bio Teaching/Advising Projects Publications CV Education Past
affiliations Past courses Advice for students Grants Mailing lists Other
Interested in personal health technologies and health behavior?
See my research group website for examples of the type of projects we work on. Northeastern made a short "what if" video that summarizes one of our goals.
My research group is recruiting new Ph.D. students to enter in September of 2022. More information can be found on my group's website. PhD students from personal health informatics, computer science, and population health could all work with the group. We are also interested in recruiting Northeastern students to work on research projects. Contact me if you are interested in learning more. We have a great group of students and are always looking for more. If you are looking for faculty positions, we have open positions for faculty working on HCI and health and related areas.
Computationally detecting and modeling health-related behavior using interactive systems; combining wearable sensing and user interface systems to support preventive medicine and personal, behavioral informatics; novel technologies and algorithms for real-time and longitudinal measurement of behavior; persuasive user interfaces for motivating behavior change; sensor-enabled mobile health technologies; context-aware ecological momentary assessment; experimental ubiquitous and mobile computing; active transportation (via bicycle).
I am exploring the development and evaluation of personal, behavioral health informatics – how sensor data acquired throughout everyday life from smartwatches, smartphones, wearable monitors, and in-home sensors might be used to improve wellness via novel human-computer interfaces. This research involves merging ideas from the computer science subfields of human-computer interaction, applied pattern recognition and machine learning, and computational sensing and artificial intelligence with ideas from behavioral science, behavioral medicine, social psychology, and preventive medicine. I am particularly interested in how algorithms that reliably recognize everyday activities and habits can drive the development of interactive preventive health tools that could ultimately be applied at the population scale in a cost-effect manner. Within computer science, this requires developing new user-driven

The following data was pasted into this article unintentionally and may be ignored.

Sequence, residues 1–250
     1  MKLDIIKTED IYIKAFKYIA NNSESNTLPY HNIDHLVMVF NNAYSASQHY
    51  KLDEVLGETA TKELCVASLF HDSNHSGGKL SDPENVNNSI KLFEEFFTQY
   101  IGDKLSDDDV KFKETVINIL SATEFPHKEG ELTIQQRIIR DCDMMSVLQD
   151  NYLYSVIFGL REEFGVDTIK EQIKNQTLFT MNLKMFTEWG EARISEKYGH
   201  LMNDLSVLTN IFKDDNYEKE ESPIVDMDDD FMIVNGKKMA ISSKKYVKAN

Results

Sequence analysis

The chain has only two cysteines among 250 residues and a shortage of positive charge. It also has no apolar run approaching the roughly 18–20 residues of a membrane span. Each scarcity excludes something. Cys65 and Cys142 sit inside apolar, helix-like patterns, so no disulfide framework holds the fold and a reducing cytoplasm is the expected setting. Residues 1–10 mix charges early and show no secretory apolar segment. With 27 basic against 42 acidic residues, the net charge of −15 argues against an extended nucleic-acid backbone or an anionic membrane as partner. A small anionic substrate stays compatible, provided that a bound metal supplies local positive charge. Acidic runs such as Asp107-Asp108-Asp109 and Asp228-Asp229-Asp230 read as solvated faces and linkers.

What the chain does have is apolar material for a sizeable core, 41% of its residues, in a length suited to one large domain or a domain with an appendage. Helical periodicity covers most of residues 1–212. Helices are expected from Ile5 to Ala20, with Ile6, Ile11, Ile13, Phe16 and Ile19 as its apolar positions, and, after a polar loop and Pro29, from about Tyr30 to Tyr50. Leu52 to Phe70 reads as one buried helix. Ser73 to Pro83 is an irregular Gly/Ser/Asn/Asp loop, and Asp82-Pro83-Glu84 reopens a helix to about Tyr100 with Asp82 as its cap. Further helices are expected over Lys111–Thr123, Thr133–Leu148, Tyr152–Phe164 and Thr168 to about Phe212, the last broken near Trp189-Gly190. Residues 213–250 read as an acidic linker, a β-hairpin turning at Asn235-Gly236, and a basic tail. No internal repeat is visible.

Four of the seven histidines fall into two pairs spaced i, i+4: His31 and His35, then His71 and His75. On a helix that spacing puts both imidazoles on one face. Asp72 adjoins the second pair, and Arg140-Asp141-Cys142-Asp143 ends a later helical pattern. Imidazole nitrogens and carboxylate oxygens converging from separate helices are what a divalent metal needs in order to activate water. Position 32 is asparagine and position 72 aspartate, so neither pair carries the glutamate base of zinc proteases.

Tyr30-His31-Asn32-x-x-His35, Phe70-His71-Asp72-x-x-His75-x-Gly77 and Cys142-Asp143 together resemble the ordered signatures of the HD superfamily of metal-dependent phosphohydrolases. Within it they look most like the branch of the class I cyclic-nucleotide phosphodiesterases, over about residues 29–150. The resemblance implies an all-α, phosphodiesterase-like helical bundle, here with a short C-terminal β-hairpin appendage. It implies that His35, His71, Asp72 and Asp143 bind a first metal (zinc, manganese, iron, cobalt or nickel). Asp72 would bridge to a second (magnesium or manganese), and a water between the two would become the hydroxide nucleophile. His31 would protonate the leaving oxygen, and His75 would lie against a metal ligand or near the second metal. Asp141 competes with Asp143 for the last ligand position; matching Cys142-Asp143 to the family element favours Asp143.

activity detection algorithms that use context and common-sense information, without requiring large training sets; a focus is on person-in-the-loop interactive, explanatory behavior recognition interfaces. Within preventive medicine, this requires building and deploying pilot systems and demonstrating that the technology has a meaningful impact on health outcomes; a focus is on demonstrating that technology can support long-term engagement with behavior change and maintenance. As part of this work, my research group has worked to create new tools that can be used to both measure and motivate behavior
change using novel sensor-based technologies.
In the spring of 2022, I am teaching HSCI 4740 Section 2: Health Science Capstone: Active Transportation via Cycling. I think it is going to be a lot of fun for students interested in bicycling and health and how technology could play a role in improving wellness.
I am open to the possibility of advising students interested in directed studies on mobile/wearable computing or sensing projects (including using smartphones, smartwatches, Google Glass, a virtual bicycle simulator, or in-home sensors) as well as health projects that explore new ways of measuring or motivating behavior change. Contact me if you are interested and check out the pages on getting involved on my research group's site.
See my past courses.
For a list of current projects, check out my research group's website, which has a bit of information about each project.
My current research foci are: